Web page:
well stated cycle4fun...
Here's the required pressures straight from the MANUAL!! Imagine that!? LOL...Recommended by the Nissan engineers for maximum performance.
33 psi 2WD MT
36 psi 2WD CVT
34 psi AWD
Thanks - i got my Juke now and i think i will bolt them on today.
I'm looking forward to some snow too, but i hate to get my Juke dirty.
2011 Juke SV CVT AWD - Gun Metallic
Do not hesitate to correct my English, you help me
I have the stock Goodyears
I just lower the air pressure for a softer ride yesterday.
28 in the front
26 in the rear
I immediately noticed the difference on the ride and the reduced road noise.
I'm not worried about gas milege
Had my Froginator for 2 months 600 miles.
Still breaking her in.
I would suggest trying something less drastic. 10 psi is alot of pressure drop. 36 is the recommended pressure for the vehicle load. You are running way under pressure, as a result, yes you are getting a softer ride because there is less air in the tire and you are getting more side wall flex.
You're goign to cause an increase in tire wear, especially side wall strenght reduction. Not to mention the decreased footprint you now have. THere is plenty of documentation available about running with too low a tire pressure. Go to the Tire Rack - Your performance experts for tires and wheels and read up. THere are tire manufacturer provided photos of how much grip you are loosing due to a severe under inflation. You are currently running @33% under inflated. Far too much. Try to keep your numbers with in 10% of the rated load.
THe stock eagle tires are just crap. They are hard and noise. IT's just a crap tire and a fact of life. If the tire bothers you that much replace it with a touring tire for increased ride comfort. Decreaseing the tire pressure to make a bad tire feel good is not the right direction to go.
For the rest of you peeps wondering what the best tire pressure is. Read the door jam on your drivers side. It has the correct pressure for you particular model.
Unless you change your tire/rim package there is no reason to alter from this number. This number is a calculated number based on the vehicles weight and distribution to provide optimum effeciency in both grip and economy.
Anythign more than 10% above or below this number and you have over or under inflated your tire and therefore caused a reduction in grip.
I dare say that TIRE GRIP is the SINGLE MOST IMPORTANT part of you car's operation. Everything your car does (cept maybe a/c perferformance and your wiper blades) depends on this factor. How well you car brakes, accelerates, handles an emergency manuver, all this relies on your tires.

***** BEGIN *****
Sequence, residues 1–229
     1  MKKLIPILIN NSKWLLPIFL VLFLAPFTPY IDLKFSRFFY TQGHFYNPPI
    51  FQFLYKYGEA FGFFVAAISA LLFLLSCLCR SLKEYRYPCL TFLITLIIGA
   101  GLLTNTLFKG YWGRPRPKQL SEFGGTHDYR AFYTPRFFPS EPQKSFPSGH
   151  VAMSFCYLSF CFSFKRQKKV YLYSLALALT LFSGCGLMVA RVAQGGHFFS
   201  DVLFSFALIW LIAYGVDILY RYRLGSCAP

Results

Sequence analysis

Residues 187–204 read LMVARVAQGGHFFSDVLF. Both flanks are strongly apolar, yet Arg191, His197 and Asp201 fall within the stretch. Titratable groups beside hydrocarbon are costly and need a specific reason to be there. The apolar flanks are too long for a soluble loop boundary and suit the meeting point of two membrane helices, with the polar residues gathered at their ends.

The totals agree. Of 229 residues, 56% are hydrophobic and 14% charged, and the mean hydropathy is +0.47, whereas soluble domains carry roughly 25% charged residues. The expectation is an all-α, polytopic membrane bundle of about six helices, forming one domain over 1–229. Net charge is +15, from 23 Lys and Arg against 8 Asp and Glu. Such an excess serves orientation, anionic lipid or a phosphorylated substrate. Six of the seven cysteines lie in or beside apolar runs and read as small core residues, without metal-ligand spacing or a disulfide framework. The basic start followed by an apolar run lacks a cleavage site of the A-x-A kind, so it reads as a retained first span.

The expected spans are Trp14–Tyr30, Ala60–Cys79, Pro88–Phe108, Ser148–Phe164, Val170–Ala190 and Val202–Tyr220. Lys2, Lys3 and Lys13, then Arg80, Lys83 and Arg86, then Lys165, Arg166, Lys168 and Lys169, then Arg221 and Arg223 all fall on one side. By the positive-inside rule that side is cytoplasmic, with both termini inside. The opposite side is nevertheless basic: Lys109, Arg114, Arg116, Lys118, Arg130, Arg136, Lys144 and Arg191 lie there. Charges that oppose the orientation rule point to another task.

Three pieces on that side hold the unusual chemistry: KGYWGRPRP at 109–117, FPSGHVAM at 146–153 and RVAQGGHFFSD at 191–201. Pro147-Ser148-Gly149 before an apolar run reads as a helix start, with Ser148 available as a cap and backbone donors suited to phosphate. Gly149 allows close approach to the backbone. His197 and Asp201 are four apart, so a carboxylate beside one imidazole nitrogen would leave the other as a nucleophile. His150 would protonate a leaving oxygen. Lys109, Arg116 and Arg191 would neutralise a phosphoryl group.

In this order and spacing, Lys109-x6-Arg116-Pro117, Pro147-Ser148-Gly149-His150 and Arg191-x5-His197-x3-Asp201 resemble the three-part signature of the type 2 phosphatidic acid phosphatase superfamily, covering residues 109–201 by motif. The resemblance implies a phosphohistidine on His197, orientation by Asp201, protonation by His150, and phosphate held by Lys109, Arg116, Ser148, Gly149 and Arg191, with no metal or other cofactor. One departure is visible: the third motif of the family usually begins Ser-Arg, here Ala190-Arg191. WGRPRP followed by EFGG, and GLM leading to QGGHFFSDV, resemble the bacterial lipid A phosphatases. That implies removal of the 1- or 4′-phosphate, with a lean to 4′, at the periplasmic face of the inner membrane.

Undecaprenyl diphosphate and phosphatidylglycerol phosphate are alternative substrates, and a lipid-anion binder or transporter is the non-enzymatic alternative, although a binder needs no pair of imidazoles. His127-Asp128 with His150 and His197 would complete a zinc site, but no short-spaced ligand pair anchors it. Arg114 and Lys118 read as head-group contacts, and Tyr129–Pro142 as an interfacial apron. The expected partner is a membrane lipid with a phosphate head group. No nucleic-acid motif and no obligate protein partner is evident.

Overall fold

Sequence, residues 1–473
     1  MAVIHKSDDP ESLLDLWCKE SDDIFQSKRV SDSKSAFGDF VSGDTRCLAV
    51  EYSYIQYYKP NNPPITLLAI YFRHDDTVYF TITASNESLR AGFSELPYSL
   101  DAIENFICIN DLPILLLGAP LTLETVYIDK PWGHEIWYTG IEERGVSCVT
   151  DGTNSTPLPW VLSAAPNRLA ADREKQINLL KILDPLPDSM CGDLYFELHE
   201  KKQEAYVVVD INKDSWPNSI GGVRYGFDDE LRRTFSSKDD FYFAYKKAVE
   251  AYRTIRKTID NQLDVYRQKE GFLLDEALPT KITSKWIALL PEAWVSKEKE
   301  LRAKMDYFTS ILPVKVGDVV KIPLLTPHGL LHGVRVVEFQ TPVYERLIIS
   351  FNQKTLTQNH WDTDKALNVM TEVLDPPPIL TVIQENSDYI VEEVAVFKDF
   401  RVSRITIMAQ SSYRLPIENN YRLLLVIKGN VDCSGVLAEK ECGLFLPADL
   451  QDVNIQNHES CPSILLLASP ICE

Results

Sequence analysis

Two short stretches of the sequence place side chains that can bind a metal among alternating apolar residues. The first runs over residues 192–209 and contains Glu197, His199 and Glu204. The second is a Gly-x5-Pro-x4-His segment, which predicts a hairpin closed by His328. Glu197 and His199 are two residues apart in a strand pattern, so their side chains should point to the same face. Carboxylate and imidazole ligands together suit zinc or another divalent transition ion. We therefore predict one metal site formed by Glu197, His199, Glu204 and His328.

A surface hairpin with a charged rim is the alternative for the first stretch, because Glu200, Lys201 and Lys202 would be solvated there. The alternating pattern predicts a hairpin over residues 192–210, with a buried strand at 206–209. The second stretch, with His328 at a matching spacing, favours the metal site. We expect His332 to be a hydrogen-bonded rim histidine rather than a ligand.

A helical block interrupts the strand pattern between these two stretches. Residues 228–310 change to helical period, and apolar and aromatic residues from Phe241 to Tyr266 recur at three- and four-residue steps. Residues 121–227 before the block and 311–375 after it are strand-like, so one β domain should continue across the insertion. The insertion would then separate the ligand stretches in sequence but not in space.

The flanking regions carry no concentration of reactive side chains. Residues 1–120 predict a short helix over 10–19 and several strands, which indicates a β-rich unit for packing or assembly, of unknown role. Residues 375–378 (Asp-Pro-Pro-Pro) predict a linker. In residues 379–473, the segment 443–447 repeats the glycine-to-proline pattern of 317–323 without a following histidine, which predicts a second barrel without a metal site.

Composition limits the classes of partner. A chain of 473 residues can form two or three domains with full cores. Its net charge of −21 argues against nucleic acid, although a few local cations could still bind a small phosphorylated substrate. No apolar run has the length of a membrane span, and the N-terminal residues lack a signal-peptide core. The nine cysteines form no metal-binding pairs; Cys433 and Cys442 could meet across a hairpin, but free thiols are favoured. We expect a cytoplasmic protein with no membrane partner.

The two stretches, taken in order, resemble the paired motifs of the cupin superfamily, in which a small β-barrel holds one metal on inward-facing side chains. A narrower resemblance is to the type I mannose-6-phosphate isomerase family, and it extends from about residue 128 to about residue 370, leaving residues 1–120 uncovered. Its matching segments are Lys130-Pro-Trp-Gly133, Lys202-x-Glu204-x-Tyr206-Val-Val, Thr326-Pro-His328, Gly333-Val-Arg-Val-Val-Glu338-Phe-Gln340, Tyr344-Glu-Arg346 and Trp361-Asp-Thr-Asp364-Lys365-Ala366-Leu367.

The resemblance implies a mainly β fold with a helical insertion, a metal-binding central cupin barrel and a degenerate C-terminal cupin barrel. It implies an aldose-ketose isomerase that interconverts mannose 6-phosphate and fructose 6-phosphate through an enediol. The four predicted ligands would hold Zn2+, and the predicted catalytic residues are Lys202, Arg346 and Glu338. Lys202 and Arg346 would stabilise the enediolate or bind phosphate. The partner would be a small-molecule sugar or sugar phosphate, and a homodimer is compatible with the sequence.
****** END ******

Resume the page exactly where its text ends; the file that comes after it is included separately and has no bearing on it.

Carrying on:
Run your tires in the recommended tire pressure window and stay safe. IMO, gaining a 2mpg from over inflating your tire by 10 psi is not worth the risk to yourself or another due to reduced tire traction.
Also, there are very few tires/rim options that will actually change your air pressure needs. Most tires follow a standerized pressure rating. There are a few that don't. The front tires I have on my del sol (Fusion ZRi's) don't. So long as your tires follow the standarized pressure ratings you dont' change your tire pressure. That means if you go from a 215/45/18 to a 245/25/20 tire, the pressure stays the same. Lower profile tires don't need more air, the side walls are stiffer to account for their reduced height. If the load rating on the tire is the same, then the pressure is to follow the manufactures (car, not the tire) pressure numbers.
Don't look at that number on teh side wall either. It's meaningless to the average consumer. For example, our goodyear RS-A tires are rated 44psi@1433lbs. This means that inorder to run the tire at it's maxium load of 1433 lbs you need a tire inflation pressure of 44psi cold. If you inflate your tires to 44psi, then you are expecting a maxiumum load of 5732 lbs. Our Jukes are heavy, but ****.. they're not that heavy. You're a ton over in your expected weight, buy doing this. That much of a weight offset and you WILL see a reduction in tire traction. You're just too far off the mark. This is why our are set at @36 psi. At that pressure the expected vehicle weight is the Juke's wieght plus it's maxiumum payload capacity.
There are more factors involved, such as front/rear weight bias etc. but I hope you get the idea of what's going on.
Simply put. Inflate to the car's spec tag for maximum life expectancy. (of both the tire and yourself)
When I bought my Juke the dealer had the tires at a ridiculous 42+ psi. It rode terrible and made a lot of noise. I dropped them to 33 and the ride quality is much improved (no different in mpg either). Unless you are autocrossing or towing a load/fully loaded I would stay away from the max end of the range.